Defensive Rookie of the Year
Ndamukong Suh has a bit of competition from guys like Cincinnati Bengals defensive end Carlos Dunlap (24 tackles and 9 ½ sacks), Cleveland Browns strong safety T.J. Ward (2 INTs and 123 tackles), and New England Patriots cornerback Devin McCourty (7 INTs and 82 tackles), but Suh is probably the winner here.
Despite playing on the interior part of the defensive line, Suh was the only rookie to get into double-digit sacks (with 10), and he racked up 66 tackles. He didn’t stop there, though. Suh also added an interception and recovered a forced fumble for a touchdown. For his efforts, he was named as a starter to the Pro Bowl, but will not play due to injury.
Coach of the Year
Atlanta Falcons’ Mike White or Kansas City Chiefs’ Todd Haley will probably win this award. White led the Falcons to an NFC-best 13-3 record, while Haley took a Chiefs team that was 4-12 in 2009 and turned them into division champs, going 10-6.
While White had a team with several offensive weapons in Matt Ryan, Michael Turner, and Roddy White, Haley had a bit less to work with. For that reason, Haley gets my vote for turning a franchise around that was a laughingstock the year before.
February 24, 2010
LaDainian Tomlinson is a for sure first-ballot Hall of Famer and one of the greatest players of our generation. Whatever happens the rest of his career, LT Chargers jerseys will be the ones to have. People are going to be unloading these things like crazy, but if you are the kind of person who likes sport jerseys, I guarantee in 5 years you will regret either selling or not buying a Tomlinson Chargers jersey when you had the chance.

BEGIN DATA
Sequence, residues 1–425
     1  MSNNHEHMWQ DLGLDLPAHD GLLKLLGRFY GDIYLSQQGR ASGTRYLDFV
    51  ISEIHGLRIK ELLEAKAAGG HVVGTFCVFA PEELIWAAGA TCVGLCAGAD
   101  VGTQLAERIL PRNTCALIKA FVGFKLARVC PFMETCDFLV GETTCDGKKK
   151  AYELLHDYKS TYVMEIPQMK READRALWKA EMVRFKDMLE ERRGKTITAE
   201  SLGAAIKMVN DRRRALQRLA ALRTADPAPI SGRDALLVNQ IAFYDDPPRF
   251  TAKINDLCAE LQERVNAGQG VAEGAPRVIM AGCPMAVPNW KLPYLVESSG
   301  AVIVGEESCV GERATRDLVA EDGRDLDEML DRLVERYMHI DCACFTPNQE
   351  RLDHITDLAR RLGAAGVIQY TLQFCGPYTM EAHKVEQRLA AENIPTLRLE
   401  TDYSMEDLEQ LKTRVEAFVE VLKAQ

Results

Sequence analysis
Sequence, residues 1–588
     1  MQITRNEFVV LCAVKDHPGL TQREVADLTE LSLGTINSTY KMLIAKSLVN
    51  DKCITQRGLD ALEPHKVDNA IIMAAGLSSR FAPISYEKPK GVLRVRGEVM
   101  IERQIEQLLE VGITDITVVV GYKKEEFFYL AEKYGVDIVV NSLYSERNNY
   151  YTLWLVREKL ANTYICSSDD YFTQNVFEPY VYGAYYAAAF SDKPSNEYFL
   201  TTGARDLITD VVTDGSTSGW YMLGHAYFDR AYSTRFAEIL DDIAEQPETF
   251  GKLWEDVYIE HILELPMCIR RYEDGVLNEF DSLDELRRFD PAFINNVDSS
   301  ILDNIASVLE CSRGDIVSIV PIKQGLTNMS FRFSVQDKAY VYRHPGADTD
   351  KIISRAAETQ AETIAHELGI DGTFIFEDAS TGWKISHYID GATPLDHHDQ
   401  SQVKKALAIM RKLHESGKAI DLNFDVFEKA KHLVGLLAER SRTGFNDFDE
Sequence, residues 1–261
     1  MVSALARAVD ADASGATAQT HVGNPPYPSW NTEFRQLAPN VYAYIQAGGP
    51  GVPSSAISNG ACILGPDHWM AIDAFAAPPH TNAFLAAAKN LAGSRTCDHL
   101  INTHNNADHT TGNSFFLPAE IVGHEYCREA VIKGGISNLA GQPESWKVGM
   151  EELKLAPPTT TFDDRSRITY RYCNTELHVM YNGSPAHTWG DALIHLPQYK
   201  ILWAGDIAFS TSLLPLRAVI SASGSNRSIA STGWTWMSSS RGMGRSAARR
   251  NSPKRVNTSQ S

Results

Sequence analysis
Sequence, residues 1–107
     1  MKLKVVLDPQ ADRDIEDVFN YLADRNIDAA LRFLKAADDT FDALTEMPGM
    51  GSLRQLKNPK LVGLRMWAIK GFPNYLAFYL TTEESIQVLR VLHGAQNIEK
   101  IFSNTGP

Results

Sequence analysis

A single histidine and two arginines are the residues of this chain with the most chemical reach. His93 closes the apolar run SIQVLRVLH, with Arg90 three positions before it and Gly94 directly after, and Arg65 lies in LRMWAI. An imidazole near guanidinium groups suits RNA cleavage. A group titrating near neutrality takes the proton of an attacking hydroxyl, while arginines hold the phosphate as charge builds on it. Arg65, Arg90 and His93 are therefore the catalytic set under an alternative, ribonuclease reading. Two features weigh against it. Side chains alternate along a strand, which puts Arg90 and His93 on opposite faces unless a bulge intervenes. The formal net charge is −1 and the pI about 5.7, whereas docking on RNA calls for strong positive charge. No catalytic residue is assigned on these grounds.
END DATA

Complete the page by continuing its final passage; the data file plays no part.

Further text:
It just seems like this is one of those guys whose jersey everybody will want once he’s been gone a couple years. Do you see a lot of Joe Montana Chiefs or Franco Harris Seahawks jerseys out there? Nope. They had made their departures, but after a few years went by, the went back to being the iconic and in Montana’s case, “face of the franchise” guys with their original teams. In a few years, when the Tomlinson Chargers jersey is the retro jersey of choice, you’ll be glad to have yours!
Where will Mr. Charger end up? It’ll be strange to see him in another uniform, but one thing is clear. Tomlinson wants to win a championship. Sorry Lions fans, he’s not coming to town. Philly could use another pair of legs, Green Bay has been in search of a good pass-catching back to platoon with Ryan Grant and they are both contenders. But how about this? I know a team that loves to bring in supposedly over-the-hill players on the cheap and get good performance out of them. Could LT fit in with the Patriots? They’ve been looking for a featured back for years now and LT might just have enough gas in the tank to be the answer for a couple years. He’s slowing down and isn’t a 25-carry guy anymore, but it’s an intriguing thought. Hopefully, Tomlinson can get a few more successful years under his belt and can go out on a good note. He’s one of the best we’ve seen and should be remembered as such.